Farmers short changed in milk battle demand action

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As the dairy crisis deepened, farmers who fear for their livelihoods were hoping surprise milk protests held at a number of supermarkets last week will force major food retailers to have a re-think and pay them a fairer price for milk.

Already, Morrisons, whose store on Preston Docks was targeted, has announced plans to launch a new milk brand in the autumn, where ten pence-per-litre of the retail price will go directly to dairy farmers. But it will sit alongside Morrisons standard-priced own brand milk in the dairy aisle.

The farmers’ protests had followed Arla, Britain’s biggest milk co-operative, announcing a price cut of 0.8p per litre - taking the standard litre price to 23.01p for UK members.

Farmers from the Longridge area joined the demonstrations at Asda, Fulwood, Morrisons and Aldi, Deepdale, clearing fridges of milk, abandoning some at the checkouts and paying for some, then distributing it to customers free of charge outside, and also asking for donations for charity.

Farmer Robert Mason, who co-organised the milk protests and lives and works in the Garstang area said: “We just want a fair price for the milk we sell and at the moment we’re not getting anywhere near that. It costs us 28p to produce a litre of milk a day and from some supermarkets we’re only receiving 18p. It’s completely unfair. Hundreds of farmers across Lancashire are being short-changed and families are suffering because of it.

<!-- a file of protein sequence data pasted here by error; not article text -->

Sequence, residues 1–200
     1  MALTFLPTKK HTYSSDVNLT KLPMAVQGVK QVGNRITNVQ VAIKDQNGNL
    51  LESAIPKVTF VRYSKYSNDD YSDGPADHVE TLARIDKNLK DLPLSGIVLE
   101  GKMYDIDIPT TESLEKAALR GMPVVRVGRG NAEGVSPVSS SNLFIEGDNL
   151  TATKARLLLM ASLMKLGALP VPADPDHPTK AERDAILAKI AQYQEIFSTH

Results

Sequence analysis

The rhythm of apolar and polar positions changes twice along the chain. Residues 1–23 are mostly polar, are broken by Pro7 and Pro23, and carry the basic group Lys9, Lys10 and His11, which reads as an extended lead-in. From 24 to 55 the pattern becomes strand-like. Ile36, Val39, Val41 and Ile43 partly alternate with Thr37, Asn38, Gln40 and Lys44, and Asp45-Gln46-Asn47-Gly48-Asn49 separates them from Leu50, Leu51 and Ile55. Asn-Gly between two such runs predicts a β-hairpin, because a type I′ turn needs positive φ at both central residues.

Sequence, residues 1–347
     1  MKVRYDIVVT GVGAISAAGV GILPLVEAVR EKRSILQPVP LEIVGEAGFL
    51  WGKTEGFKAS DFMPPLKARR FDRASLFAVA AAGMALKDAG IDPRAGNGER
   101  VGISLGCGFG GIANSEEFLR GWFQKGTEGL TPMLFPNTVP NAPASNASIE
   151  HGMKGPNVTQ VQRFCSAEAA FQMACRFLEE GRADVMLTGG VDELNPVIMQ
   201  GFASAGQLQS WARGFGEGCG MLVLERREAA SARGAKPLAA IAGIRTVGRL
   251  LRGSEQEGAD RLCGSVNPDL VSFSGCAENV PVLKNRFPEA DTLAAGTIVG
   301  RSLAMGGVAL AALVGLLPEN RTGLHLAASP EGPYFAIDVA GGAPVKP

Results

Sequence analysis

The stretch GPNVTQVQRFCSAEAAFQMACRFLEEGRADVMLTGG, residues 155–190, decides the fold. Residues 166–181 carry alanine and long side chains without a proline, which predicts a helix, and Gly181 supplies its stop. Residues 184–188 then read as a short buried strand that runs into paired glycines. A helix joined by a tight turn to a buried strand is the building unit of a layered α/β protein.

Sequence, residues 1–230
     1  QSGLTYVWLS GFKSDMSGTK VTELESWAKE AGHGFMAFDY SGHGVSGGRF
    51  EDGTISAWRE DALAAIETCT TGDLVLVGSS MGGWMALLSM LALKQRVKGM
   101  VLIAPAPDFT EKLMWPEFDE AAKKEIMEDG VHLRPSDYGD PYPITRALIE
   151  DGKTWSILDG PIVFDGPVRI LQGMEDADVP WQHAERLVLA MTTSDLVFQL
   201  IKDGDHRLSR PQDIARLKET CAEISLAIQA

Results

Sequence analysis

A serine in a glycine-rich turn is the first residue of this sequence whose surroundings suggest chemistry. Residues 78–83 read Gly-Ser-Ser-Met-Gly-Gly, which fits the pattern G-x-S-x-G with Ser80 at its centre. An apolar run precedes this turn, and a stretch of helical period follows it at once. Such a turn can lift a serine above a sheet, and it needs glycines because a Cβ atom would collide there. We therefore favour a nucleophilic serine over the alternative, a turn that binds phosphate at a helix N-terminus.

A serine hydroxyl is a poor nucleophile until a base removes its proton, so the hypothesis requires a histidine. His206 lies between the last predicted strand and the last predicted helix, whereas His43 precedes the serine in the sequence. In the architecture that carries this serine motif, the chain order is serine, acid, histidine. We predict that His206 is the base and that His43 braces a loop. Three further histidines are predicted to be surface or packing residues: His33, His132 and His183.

“Myself and other farmers work over 100 hours a week to provide milk to the nation and all we want is for supermarkets to give us a little extra. If they sold the milk for an average of 5p more a carton we’d be in a great situation and would be able to afford to improve our farms and the way we live.”

Supermarket chain Booths launched a pioneering Fair Milk scheme last year, pledging to pay the highest market price to farmers. All own label milk at Booths is traded as “Fair Milk” and they have seen a 5% growth in the last four weeks. Chairman Edwin Booth said: “Paying the highest market price means family farms are able to keep going, invest in the future and spend more time and money looking after their herds to ensure they produce great quality milk.”

The Forshaw family have farmed at Alston, Longridge for almost 100 years, and now run a dairy herd of up to 400. Sons Stephen and Neil - with grandsons Stuart, Andrew and Sean - break even on milk sales by selling to their mother, yogurt producer Ann Forshaw for 33p a litre. The surplus goes to a Liverpool dairy for 22p a litre and Ann said: “If I was not buying milk from them, they would be in a really serious position but they are breaking even at the moment. Others now are really struggling.

Former dairy farmer from Longridge, Janet Wallbank, looks back to the days in the 1930’s before the Milk Marketing Board when the situation for farmers was the same.

She said: “When the MMB started, prices were not great but we never had a reduction - they never went backwards.

“Supermarkets should realise that farmers are working with perishables. It takes two years of rearing to produce milk which a supermarket keeps for two days in a no-loss situation.

“We really need a Milk Marketing Board to keep a basic price and control for our farmers.”